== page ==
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FORUMS General Gear Talk Tripods, Monopods & Other Camera Support
Thread started 13 Jul 2017 (Thursday) 19:35
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Tripod for Macro?

 
JaySop
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Jul 13, 2017 19:35 |  #1

I'm looking to get more into Marco photography and need a tripod for it. I know I need to get into some uncomfortable positions for shots so a conventional tripod doesn't really work. What I consider conventional being just up and down.
I'm obviously a rookie so bear with me.

I've been looking at the MT055XPRO3 and the Vanguard Alta Pro 263AB 100.

I'd like something a bit more compact and lightweight as I'd like to be able to pack it into the mountains while hiking. The two I'm looking at seem kind of large.

My budget for tripod and head is about $300.

Am I asking to much to have a portable, versatile, stable, lightweight tripod for $300 or less?




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sawsedge
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Jul 13, 2017 22:17 |  #2

The best way to decrease weight without decreasing stability means avoiding aluminum... get carbon fiber. That of course raises the price and might blow your intended budget. I would suggest looking at something like a Feisol 3442. Oben fits the budget better, but I have little knowledge of their quality.

In terms of features, you want a tripod that can go to ground level easily (independent, up to 90 degree leg spread). I have never needed or wanted a tripod with a tilting center column, but in the two tripods you listed, that seems to be the only way to get to ground level. The closer you keep the head and camera to the apex of the tripod, the more stable it will be.

I started with a Bogen 3221 (same as the 3021, but in black, and long since discontinued). The center column on it separated into a shorter piece which allowed lower angles. That Bogen was solid without any legs extended, but a bit wobbly with the legs fully extended. I currently have a Gitzo 3530 and I shortened the centerpost to about the same length as the short Bogen column. I think the Gitzo is a medium weight... 4 lbs for the legs and 1.5 lbs for the head. I think going with carbon fiber cut the weight by about 2/3 of the Bogen. The carbon fiber is noticeably sturdier.

Many say ditch the center column, or avoid them altogether. With a high-quality tripod like my Gitzo, I haven't noticed any additional vibration with just an inch or two of column extension, and that extra degree of adjustment is valuable to me. The taller the extension or the cheaper the build quality, the less likely you are to get good results.

Some like the precision of 3-way heads, but for macro I find a ballhead much easier to use. One of the best values in a ballhead is the Sirui K-series, which are around $150. Most of the other ballheads that I've seen and used are over $300 alone.


- John

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Temma
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Rocky River, Ohio
Jul 13, 2017 23:03 |  #3

I've got an Alta Pro and a Vanguard TBH-300 Ball Head.

I really like the Alta Pro. I haven't used it all that much since 80% of my photography is studio macro, and there's so much play in my living room floor that I HAVE to have the camera and subject on the same platform, otherwise you can literally see the camera and subject move relative to each other when I shift my weight.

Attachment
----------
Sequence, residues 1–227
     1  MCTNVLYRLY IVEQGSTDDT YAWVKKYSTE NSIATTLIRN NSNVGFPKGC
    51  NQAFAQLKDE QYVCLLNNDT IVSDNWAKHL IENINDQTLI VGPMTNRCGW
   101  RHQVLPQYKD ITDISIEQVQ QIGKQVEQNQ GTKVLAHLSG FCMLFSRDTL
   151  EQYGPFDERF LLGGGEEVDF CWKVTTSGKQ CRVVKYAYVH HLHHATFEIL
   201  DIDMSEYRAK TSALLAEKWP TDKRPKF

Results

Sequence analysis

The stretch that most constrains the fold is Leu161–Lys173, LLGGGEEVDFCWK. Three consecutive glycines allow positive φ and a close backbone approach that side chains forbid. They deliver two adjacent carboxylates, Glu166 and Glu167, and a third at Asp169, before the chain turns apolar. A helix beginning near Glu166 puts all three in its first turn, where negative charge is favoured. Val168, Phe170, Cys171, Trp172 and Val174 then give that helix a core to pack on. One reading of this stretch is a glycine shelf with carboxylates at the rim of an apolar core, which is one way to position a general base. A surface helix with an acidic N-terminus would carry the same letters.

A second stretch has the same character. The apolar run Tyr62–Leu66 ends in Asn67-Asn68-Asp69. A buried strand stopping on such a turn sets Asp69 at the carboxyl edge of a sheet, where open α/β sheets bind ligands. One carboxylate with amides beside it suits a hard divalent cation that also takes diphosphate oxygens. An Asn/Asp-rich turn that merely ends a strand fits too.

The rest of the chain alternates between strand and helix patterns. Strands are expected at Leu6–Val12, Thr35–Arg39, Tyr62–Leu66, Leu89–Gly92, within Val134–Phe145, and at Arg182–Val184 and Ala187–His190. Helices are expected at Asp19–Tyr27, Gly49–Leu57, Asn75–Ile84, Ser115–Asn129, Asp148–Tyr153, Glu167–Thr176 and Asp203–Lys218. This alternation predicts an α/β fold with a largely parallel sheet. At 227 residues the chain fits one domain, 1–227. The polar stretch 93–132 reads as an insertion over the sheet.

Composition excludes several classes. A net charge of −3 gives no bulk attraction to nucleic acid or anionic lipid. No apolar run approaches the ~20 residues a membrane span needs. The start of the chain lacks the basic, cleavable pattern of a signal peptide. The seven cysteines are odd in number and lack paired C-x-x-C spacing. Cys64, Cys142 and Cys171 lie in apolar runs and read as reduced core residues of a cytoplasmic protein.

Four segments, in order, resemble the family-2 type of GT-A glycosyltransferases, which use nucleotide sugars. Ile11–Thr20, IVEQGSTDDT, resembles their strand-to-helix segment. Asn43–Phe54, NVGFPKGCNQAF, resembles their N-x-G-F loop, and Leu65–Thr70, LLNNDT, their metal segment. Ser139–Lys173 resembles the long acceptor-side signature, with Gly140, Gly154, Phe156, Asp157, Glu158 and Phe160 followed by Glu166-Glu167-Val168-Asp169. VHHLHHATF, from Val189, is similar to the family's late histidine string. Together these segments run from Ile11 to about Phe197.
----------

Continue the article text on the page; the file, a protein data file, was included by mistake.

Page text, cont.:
I've mostly used the tripod for long distance shots with my 500mm mirror lens. For that, it's been very good.

I especially like that ballhead. It's so much better than the one that came with my ProMaster tripod. I bought it for the ProMaster, then moved it when I bought the Alta Pro.

I don't hike and none of my photography takes me much farther than the distance from a parking lot to the edge of a pond or lake, so weight isn't a real consideration for me.

You can get a better tripod, but you're probably going to spend a lot more money.




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Temma
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Jul 13, 2017 23:06 |  #4

sawsedge wrote in post #18401569 (external link)
Some like the precision of 3-way heads, but for macro I find a ballhead much easier to use.

It depends upon what kind of macro you're doing.

For studio macro, a geared head makes it a lot easier to precisely align the camera with your subject. I don't have one, but I plan some day to get one for my tabletop rig.

For field macro, I agree that a ballhead is much more versatile.




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sawsedge
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Jul 13, 2017 23:09 |  #5

Temma wrote in post #18401597 (external link)
It depends upon what kind of macro you're doing.

For studio macro, a geared head makes it a lot easier to precisely align the camera with your subject. I don't have one, but I plan some day to get one for my tabletop rig.

For field macro, I agree that a ballhead is much more versatile.

That is a very valid point. I mostly do field macros. I'm eyeing a ballhead that may be nearly as precise as a geared head... I hope. The FLM CB-58FT.


- John

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Temma
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Rocky River, Ohio
Jul 13, 2017 23:15 |  #6

sawsedge wrote in post #18401602 (external link)
That is a very valid point. I mostly do field macros. I'm eyeing a ballhead that may be nearly as precise as a geared head... I hope. The FLM CB-58FT.

I haven't really tried to do any field macro with the Alta Pro yet, since the only place I see anything worth photographing is in the parking lot of my apartment, and only in the last month or two.

I had no idea that nothing comes out here until after dark, then mostly spiders, none of which will put in an appearance a SECOND before nightfall. Unfortunately, 99% of them are in awkward and out of the way places that would make using a tripod difficult, so I end up hand holding 100% of the time.